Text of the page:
Generic Name: ketorolac tromethamine nasal spray
Date of Approval: May 14, 2010
Company: Roxro Pharma, Inc.
Treatment for: Pain
FDA Approves Sprix
The U.S. Food and Drug Administration (FDA) has approved Sprix (ketorolac tromethamine) Nasal Spray, for the short-term (up to 5 days) management of acute moderate to moderately severe pain that requires analgesia at the opioid level.
Sprix is a prescription intranasal formulation of the analgesic ketorolac, a non-steroidal anti-inflammatory drug (NSAID), designed to provide ambulatory patients with a convenient, potent, and fast-acting option for acute moderate to moderately severe pain relief.
Ketorolac tromethamine is a frequently administered non-narcotic injectable analgesic for moderately severe pain in U.S. hospitals today. The approval of Sprix provides acute pain outpatients with a non-narcotic and easy-to-administer alternative to commonly prescribed opioids.
Highlights of Sprix Prescribing Information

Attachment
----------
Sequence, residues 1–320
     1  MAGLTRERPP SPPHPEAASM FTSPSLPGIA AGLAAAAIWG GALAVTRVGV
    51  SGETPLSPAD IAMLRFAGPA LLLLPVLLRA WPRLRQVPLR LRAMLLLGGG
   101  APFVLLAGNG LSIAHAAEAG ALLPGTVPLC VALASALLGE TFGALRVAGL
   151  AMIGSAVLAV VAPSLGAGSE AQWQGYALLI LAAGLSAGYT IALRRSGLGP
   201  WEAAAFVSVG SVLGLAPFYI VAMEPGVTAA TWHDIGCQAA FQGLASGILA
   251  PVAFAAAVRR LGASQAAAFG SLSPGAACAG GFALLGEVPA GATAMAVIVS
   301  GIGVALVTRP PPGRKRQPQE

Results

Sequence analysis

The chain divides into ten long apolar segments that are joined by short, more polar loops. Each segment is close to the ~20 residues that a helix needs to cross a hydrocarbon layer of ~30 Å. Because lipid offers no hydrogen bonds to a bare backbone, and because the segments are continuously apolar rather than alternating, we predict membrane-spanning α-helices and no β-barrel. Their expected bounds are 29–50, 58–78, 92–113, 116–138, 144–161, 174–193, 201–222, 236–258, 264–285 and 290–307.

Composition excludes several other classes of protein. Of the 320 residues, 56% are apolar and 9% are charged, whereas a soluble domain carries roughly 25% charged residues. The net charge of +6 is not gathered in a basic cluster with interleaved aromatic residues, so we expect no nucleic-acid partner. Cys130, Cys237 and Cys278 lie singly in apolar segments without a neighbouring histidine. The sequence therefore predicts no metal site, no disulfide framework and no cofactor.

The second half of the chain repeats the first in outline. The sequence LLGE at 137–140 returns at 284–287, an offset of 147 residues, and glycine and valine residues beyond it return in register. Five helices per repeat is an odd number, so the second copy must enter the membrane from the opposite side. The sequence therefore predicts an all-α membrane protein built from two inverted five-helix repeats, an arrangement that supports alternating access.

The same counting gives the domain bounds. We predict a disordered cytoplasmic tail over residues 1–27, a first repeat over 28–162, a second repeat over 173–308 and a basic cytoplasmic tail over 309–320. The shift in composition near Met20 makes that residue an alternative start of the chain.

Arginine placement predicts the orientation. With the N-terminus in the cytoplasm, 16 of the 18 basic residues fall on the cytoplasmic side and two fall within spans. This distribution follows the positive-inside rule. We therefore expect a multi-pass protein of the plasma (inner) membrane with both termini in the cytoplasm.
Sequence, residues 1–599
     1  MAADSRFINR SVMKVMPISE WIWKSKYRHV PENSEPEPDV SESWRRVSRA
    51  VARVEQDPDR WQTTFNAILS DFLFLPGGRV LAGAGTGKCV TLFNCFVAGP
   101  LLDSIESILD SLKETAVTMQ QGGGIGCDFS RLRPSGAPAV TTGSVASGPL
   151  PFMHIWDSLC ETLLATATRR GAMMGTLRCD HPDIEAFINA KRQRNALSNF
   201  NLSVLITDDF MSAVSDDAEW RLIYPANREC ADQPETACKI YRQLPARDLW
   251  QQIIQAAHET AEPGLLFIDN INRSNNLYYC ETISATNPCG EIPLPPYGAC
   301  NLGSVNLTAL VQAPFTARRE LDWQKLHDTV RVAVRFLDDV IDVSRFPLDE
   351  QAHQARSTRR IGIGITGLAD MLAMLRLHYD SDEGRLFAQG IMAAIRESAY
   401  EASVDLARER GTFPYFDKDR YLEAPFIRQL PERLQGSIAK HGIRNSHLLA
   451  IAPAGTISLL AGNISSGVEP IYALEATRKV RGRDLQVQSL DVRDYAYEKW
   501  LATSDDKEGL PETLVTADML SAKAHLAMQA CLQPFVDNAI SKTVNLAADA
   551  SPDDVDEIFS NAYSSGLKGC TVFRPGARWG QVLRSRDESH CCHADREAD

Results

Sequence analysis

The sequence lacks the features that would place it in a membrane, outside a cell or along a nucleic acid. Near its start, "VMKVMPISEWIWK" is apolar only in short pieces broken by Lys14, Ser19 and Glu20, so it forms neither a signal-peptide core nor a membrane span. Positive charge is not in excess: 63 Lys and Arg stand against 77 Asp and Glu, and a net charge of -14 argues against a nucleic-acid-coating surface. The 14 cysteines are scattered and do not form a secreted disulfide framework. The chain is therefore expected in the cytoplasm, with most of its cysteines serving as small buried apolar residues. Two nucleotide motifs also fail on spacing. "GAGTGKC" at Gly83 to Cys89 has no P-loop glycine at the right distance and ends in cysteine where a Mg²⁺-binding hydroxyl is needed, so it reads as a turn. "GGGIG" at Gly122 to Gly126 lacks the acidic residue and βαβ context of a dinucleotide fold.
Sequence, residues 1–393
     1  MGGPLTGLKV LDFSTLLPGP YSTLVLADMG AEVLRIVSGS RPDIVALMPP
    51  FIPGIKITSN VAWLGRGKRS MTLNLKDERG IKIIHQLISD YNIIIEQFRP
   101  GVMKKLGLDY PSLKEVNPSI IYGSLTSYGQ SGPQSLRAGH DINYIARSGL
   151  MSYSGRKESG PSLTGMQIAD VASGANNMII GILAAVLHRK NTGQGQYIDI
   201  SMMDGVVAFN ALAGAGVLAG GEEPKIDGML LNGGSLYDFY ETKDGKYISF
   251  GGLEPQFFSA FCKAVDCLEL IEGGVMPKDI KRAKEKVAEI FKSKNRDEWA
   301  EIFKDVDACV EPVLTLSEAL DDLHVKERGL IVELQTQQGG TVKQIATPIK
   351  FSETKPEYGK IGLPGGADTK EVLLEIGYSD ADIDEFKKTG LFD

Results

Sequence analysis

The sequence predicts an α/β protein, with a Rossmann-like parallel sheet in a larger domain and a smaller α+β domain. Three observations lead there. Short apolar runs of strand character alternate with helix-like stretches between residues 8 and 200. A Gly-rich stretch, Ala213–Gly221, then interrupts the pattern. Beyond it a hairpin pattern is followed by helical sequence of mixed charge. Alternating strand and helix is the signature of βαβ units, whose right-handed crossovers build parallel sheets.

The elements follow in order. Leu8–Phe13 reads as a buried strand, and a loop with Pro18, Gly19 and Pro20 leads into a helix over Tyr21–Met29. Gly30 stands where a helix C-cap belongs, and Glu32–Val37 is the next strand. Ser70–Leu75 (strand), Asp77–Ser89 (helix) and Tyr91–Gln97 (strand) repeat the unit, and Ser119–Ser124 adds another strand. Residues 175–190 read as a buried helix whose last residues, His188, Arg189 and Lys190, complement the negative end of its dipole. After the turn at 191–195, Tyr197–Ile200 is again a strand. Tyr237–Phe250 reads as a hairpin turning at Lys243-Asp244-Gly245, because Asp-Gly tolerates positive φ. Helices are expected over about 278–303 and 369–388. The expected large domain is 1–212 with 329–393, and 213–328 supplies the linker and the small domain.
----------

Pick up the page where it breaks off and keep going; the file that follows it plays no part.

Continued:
These highlights do not include all of the information needed to use Sprix safely and effectively. See full prescribing information for Sprix.
Warning: Limitations of Use, Gastrointestinal, Bleeding, Cardiovascular, and Renal Risk
See full prescribing information for complete boxed warning.
- Limitations of Use: The total duration of use of Sprix and other ketorolac formulations should not exceed 5 days.
- Gastrointestinal (GI) Risk: Ketorolac can cause peptic ulcers, GI bleeding, and/or perforation of the stomach or intestines, which can be fatal.
- Sprix is contraindicated in patients with peptic ulcer disease or history of GI bleeding.
- Bleeding Risk: Sprix inhibits platelet function and is contraindicated in patients with suspected or confirmed cerebrovascular bleeding, hemorrhagic diathesis, incomplete hemostasis, or high risk of bleeding.